So I started perusing White Wolf's Fall of the Camarilla, an epic campaign meant to be played with their Requiem for Rome campaign setting. The short version: The Camarilla of Vampire: the Requiem is similar to the similarly-named group from Vampire: the Masquerade; it is sort of a "vampire United Nations." The difference between the two games is that in VtM the Camarilla is the "default" mode of play, and in Requiem the organization crumbled and broke apart around the same time that the Roman Empire was in decay. Fall of the Camarilla is a campaign in which your groups' characters experience, shape, and possibly die in said fall.
There was a time in my life where I'd have already had a group with characters ready to go, and I would be chomping at the bit to run a game like this. Unfortunately, I don't know that my gaming tastes are compatible with this sort of thing anymore.
For one thing, how can any player derive much enjoyment from a campaign where the ending is already a foregone conclusion? The players know that the Camarilla is history well before the modern era, and there isn't really much they can do to stop it. (I haven't read the book in its entirely, so forgive me if you know this not to be true, but from what I could find in the epilogue section, the fall is inevitable.)
One thing that I have become big on is player choice and player navigation; I make the world, they play in it, and they mess with the stuff they like. I do not try to force them in any given direction. In my current game, the party has chosen to leave Tarraxian and return home. If they had decided to spend the rest of their days on Tarraxian, I'd have filed away all the information on their home world and mapped out the rest of the post-apocalyptic world. In my last (failed) World of Darkness game, I let the characters loose in a mental asylum that had a lot of bad, evil, eldritch shit going down, and my intention was that they would run and play in the sandbox. (It didn't quite turn out that way, but that is another story, and I'm still not convinced that I couldn't pull it off if I tried it again.)
I still like White Wolf and I'd like to try another chronicle someday, but my tastes have changed so much that I'm not sure how I'd fare in another "story" based game. I think the simulation bug has bitten me and I now find the idea of baiting the players along a pre-determined story to be kind of.... I don't know, cheap. I know that I, as a player, am most frustrated when I feel like my decisions have little to no effect on the game (beyond, perhaps, do I charge the guy or use my Improved Face Punch feat?) If I were invited to play in Fall of the Camarilla, would I accept the invitation? Yeah, maybe...and then I'd try like hell to stop it, not because I want to be a fucktard or screw with my GM's carefully laid plans, but because hey- this type of game lets me play a character and do what I want! If your Super Secret Vampire Club of Rome was going down in flames, wouldn't you want to stop it? I suddenly envision a session of Deadlands or Boot Hill where the GM says, "Hey, don't fight too hard, guys... this is the Alamo, after all!" The treasure in Raggi's Grinding Gear may be damn difficult to get, but the most important thing is that it is possible.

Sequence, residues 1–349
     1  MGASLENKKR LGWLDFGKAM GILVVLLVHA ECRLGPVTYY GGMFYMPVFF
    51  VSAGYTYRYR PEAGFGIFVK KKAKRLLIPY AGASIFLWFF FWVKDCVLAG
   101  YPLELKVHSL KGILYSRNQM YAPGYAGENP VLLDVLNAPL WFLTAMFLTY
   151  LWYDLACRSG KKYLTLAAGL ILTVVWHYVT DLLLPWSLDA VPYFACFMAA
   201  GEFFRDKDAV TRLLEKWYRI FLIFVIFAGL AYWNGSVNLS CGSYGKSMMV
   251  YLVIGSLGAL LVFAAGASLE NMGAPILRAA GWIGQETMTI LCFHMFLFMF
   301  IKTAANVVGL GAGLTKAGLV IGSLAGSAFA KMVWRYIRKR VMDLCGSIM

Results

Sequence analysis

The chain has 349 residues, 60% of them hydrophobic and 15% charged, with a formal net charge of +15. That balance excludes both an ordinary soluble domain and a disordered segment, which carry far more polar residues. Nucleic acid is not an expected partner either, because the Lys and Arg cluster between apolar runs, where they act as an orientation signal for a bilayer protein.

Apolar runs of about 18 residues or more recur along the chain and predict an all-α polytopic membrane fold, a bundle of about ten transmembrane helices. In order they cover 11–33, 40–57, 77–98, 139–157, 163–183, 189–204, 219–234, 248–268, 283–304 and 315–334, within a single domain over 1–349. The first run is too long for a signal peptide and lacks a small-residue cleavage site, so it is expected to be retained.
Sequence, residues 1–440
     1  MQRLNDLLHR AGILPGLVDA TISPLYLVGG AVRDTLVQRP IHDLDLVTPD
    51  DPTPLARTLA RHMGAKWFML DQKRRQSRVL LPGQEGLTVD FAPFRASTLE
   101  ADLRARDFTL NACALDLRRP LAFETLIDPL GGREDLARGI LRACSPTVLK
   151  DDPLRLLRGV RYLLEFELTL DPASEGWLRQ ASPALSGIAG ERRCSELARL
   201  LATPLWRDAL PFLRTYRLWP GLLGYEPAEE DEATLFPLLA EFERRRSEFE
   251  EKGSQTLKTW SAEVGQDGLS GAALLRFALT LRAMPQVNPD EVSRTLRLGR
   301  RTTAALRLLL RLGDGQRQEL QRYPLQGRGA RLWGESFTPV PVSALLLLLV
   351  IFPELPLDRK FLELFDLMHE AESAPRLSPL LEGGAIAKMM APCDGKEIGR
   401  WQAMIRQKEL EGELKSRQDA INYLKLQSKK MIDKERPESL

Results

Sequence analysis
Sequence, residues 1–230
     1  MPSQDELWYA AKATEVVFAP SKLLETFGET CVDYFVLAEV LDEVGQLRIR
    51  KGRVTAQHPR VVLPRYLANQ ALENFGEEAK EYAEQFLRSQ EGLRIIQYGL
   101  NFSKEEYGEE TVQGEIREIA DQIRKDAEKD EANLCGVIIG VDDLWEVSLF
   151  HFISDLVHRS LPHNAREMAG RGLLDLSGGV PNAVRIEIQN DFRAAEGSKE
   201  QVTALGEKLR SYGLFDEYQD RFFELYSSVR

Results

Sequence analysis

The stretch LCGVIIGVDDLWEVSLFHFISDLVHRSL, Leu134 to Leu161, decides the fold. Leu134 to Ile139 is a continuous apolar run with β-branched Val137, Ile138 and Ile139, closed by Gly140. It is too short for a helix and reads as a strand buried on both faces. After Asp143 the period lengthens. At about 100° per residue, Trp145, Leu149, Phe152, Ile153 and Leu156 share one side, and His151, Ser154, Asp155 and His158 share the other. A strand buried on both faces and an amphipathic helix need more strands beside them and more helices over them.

I noted earlier that I am involved in a WFRP1 campaign. The campaign is a pre-published affair called "The Doomstones." I know how it ends because the ending is somewhat infamous, but I'm going to see what I can do to shake things up....because, really, if you're just going to follow a pre-set plot where all you do is mash the buttons-er, I mean, roll to hit, well... you might as well pop in Final Fantasy XIII or Assassin's Creed II....not that there is anything wrong with that, but roleplaying games can go beyond the confines of memory space and programming limitations, and that is why I love gaming so much more when it is the pencil and paper variety instead of the 360 or PS3 variety.
um....and that's what diversity means to me...